The first couple sentences in the article have a sarcastic and comical tone, as the two authors are quick to mention his Florida estate, golf, and television, all within the same sentence.  These have been points of criticism from the left of the president, as many believe he is away from Washington too much.  The next paragraph dives into President Trump’s social media posts, calling the posts a “Twitter tirade that was unusually angry and defiant even by Mr. Trump’s standards.”  This type of language shows clear bias and opposition against the President.

Transitioning into the Russian collusion investigation, Rogers and Haberman discuss what has been said from the Trump administration and Trump himself.  They spend five paragraphs refuting stances and positions taken by the Trump administration.  In summary of this portion they essentially recap positions taken by Trump, and spin the narrative to frame his as guilty or hiding something.  This type of approach is aimed to create distrust.

An argument could also be made that the authors used the conflict approach here.  Instead of recapping the investigations and its findings which showed that meddling took place but not directly with the campaign, they decided to focus on inaccuracies of the investigations and how the findings could still lead to collusion.

There is also clear journalistic bias because of where certain information was presented.  The first portion of the article, where most will only read until, mentioned only negative things about the President, which created the perception that he wasn’t handling the two events in an acceptable manor.  The overall picture that readers will take away is that the President was at his Florida estate, not playing golf only because it would be insensible following the shooting, watching TV, and going on a “Twitter tirade”, “outburst”, “eruption”, or was “lashing out”.

Referencing the journalistic pyramid of what readers capture, this is at the top.  At the very bottom of the article, the authors finally mention his meetings and visits to officials and survivors of the school shooting.  They described an interview from the major of Parkland Christine Hunschofsky where she talked about her conversation with President Trump.  She said she was “struck by how affected the president had seemed by his hospital visit.”  This is the first attempt for readers to see the President in a positive light, however most readers will not even see this information because it was placed at the bottom of the article.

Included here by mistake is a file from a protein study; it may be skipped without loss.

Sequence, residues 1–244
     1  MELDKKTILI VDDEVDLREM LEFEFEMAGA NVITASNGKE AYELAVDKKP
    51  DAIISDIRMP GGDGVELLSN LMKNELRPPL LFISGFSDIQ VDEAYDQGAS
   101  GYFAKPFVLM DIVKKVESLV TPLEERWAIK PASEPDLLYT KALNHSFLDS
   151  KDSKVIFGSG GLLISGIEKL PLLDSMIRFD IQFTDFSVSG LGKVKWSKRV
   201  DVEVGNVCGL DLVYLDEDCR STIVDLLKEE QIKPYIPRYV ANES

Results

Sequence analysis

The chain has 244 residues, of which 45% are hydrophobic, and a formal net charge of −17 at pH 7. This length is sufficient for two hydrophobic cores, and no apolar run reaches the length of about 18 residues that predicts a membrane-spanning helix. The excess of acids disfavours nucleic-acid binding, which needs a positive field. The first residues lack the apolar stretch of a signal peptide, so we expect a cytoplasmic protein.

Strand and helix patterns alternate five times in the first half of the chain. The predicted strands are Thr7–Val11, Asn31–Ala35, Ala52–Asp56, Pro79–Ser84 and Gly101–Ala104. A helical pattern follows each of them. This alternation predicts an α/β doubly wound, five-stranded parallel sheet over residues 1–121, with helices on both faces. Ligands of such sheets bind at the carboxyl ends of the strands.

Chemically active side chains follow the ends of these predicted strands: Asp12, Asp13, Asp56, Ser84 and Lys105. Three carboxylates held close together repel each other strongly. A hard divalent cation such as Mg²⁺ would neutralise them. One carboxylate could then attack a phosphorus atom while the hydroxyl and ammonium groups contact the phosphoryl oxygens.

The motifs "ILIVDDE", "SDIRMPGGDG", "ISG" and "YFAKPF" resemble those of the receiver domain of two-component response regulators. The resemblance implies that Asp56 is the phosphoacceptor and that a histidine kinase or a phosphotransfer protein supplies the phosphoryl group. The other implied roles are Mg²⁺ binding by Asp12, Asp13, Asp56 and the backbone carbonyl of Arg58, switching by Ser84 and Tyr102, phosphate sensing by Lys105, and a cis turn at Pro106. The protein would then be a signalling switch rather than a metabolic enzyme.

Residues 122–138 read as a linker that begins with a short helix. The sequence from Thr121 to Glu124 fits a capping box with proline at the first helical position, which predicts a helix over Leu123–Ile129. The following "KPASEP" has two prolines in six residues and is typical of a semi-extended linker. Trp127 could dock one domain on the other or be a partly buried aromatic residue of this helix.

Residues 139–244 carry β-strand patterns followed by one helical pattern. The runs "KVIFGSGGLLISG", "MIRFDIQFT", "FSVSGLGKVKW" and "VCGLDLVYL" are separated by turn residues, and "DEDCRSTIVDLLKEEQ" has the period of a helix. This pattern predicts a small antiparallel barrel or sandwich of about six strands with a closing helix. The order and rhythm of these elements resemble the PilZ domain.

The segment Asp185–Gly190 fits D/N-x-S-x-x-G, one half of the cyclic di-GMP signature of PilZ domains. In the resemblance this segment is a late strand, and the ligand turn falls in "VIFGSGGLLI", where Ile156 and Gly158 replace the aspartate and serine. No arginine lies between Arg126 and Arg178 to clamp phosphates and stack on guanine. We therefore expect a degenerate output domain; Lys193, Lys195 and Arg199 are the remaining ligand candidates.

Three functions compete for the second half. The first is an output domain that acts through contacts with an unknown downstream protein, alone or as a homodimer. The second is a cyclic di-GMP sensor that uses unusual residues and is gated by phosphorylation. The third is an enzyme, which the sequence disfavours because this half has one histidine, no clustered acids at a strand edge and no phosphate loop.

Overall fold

Overall the article clearly portrays the President in a negative light, and taking away the end portion, never details him as somebody caring or responsible, even in the wake of a tragedy.  This type of language adds to the conflict surrounding Trump and how he handles different types of events.  This added conflict is strategic in making readers believe that Trump is essentially unfit for office and is irrational.

In order to analyze this bias a study must be conducted.  An interesting study would be to look specifically at the two topics mentioned in this article (shooting and Russian collusion) and ask how you think the president is handling the situation.  Take a group of moderate voters and get input on how they think President Trump is handling these two situations, and then take another group of moderate voters, make them read this article, and get their input on his actions.  Theoretically the group that was shown the article will have less favorable opinions compared to the group that is not shown the article.  This is a very simple study, however it directly shows how one article can have an impact on an opinion.



Media Bias in NYT Article

Media Diary

John Rodriguez Media Diary 2/11/18-2/17/18

This past week I kept a log of what news sources I used to stay politically and economically informed. Overall, I consider myself to be highly informed politically and economically, but I fall short when it comes to pop culture. I rely heavily on a few news sources that are both moderate and politically/economically based. Below is a semi-detailed list of where I got my news for the week.

  • Sunday: I spent most of my time reading about stocks from Bloomberg, Kiplinger’s, Yahoo Finance, Marketwatch, and CNBC. I read articles on ETFs that were trending up and the recent stock market drop.
  • Monday: I almost spent the entire day reading about the Federal Government raising rates this March on Yahoo finance. I also read some information on the potential demand for natural gas on CNBC. Foreign Policy Class, talked about the issues with sanctions and the recent deployment troops to Afghanistan.